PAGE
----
11 February 2010
The Mongol Derby, the longest horse race in the world still has a few places left for its August 2010 race and is seeking jockeys or ex jockeys who might like to take part.
The Mongol Derby team have also just announced an innovative Veterinary Training Programme that aims to leave a lasting equine legacy in Mongolia.
More than 20 local vets will be trained to become part of the international team of equine experts that will ensure the welfare of the 1000 semi-wild horses taking part in the race across the Mongolian steppe.
Led by four star accredited FEI vet Jenny Weston, the specialist training will also leave a legacy that will benefit other events and races in a country renowned for its love of horses.
"The training will cover exercise physiology and the types of conditions that you see in horses involved in endurance riding and the long-distance horse racing that is a part of Mongolian culture," explains Jenny. "This will benefit not only the horses involved in the Mongol Derby but also the many thousands involved in the annual Nadaam festival."
The training is part of a comprehensive horse welfare program including pre-race training for the riders led by Maggie Pattinson, Chef d'Equipe of the British Home International Endurance Team.
The race format is based on Chinngis Khaan's legendary postal system which could relay messages thousands of miles in a matter of days. Horse stations manned by nomadic families are established at intervals of 40km or less along the course and riders change horses and undergo veterinary inspections at each one.
The Mongol Derby is a joint venture led by British company The Adventurists with Mongolia based Tengri Group and backed by the Mongolian government's Ministry of Agriculture who acclaim the Mongolian Derby as "having great potential to develop our country".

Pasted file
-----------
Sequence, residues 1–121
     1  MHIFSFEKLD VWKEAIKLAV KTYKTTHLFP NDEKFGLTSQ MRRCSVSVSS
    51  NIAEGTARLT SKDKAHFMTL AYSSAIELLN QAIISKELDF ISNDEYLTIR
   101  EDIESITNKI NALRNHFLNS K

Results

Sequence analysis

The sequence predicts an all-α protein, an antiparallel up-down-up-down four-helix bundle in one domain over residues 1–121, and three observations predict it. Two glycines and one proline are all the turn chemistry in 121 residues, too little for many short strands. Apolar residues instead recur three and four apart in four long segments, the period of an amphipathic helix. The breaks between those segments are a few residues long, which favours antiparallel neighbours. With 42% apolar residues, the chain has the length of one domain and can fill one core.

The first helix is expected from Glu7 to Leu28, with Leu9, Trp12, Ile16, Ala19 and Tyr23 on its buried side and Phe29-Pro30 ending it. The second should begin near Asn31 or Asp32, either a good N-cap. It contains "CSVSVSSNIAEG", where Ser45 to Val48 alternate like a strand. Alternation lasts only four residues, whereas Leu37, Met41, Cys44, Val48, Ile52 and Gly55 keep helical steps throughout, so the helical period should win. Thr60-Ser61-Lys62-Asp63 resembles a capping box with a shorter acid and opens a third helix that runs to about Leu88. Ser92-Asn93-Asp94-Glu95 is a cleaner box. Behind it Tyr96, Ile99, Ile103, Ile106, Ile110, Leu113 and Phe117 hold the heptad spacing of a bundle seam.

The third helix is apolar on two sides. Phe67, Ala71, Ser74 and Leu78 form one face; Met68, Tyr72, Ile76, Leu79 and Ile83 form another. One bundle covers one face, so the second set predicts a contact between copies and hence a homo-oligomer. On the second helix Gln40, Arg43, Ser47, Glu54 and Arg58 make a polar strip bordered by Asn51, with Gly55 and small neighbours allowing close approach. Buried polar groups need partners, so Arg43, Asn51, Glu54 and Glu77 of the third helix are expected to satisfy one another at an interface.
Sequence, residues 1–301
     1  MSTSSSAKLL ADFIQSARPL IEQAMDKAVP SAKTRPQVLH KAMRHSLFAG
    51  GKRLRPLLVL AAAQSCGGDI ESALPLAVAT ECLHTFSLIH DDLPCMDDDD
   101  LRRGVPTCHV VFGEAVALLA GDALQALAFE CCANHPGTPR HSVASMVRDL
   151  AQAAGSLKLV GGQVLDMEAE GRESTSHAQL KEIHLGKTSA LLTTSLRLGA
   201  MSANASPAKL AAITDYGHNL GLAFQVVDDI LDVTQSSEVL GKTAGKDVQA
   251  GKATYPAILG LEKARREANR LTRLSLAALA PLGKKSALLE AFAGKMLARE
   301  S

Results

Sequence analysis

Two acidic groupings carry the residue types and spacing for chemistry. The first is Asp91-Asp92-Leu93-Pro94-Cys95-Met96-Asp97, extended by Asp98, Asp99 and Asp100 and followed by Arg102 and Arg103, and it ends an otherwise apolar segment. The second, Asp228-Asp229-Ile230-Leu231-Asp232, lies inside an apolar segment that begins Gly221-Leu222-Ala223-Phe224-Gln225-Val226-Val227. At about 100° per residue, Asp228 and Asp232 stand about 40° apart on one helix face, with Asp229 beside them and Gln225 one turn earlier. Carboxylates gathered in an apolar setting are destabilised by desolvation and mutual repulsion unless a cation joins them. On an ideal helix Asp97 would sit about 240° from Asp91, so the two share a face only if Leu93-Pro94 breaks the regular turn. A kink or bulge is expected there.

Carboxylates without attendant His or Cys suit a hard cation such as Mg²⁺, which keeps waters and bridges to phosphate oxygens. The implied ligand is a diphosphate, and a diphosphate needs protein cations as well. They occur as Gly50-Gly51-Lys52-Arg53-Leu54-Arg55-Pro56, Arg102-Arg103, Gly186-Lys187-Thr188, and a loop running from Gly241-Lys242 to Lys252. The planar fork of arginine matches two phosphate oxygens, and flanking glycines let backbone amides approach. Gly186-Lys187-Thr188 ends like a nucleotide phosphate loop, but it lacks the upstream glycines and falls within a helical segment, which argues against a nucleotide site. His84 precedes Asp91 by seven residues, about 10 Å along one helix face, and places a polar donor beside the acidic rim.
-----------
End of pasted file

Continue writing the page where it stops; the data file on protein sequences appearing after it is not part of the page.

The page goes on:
Dr. Orgil, Director of the Ministry of Agriculture's Veterinary Unit and the Chief Equine Vet in Mongolia said the 2009 Mongol Derby was a "huge success...a brand new sport tourism variety".
Applications are open now to adventurous riders from around the world. More information about the world's longest and toughest horse and how to apply can be found on the official website: http://www.mongolderby.com
Fast Facts about the Mongol Derby
* 25 riders started the 2009 race, 23 finished and they raised £71,000 for official charity Mercy Corps' projects in Mongolia
* Aged from 21 to 65, the 2009 riders came from 8 different countries including Argentina, Sweden and South Africa. 12 of the riders were female
* Less than 2% of the 700 horses that took part in 2009 required treatment which was all minor first aid
* The riders averaged 100 km per day at about 10 km/hr in 2009
* On cooler days some riders managed about 140 km in a day on the better days, at an average speed of 14 km/hr
* Horses outnumber the population of Mongolia by 7 to 1!
* Marco Polo wrote that in the 13th century 300,000 horses were posted at horse stations across the great Khaan's empire
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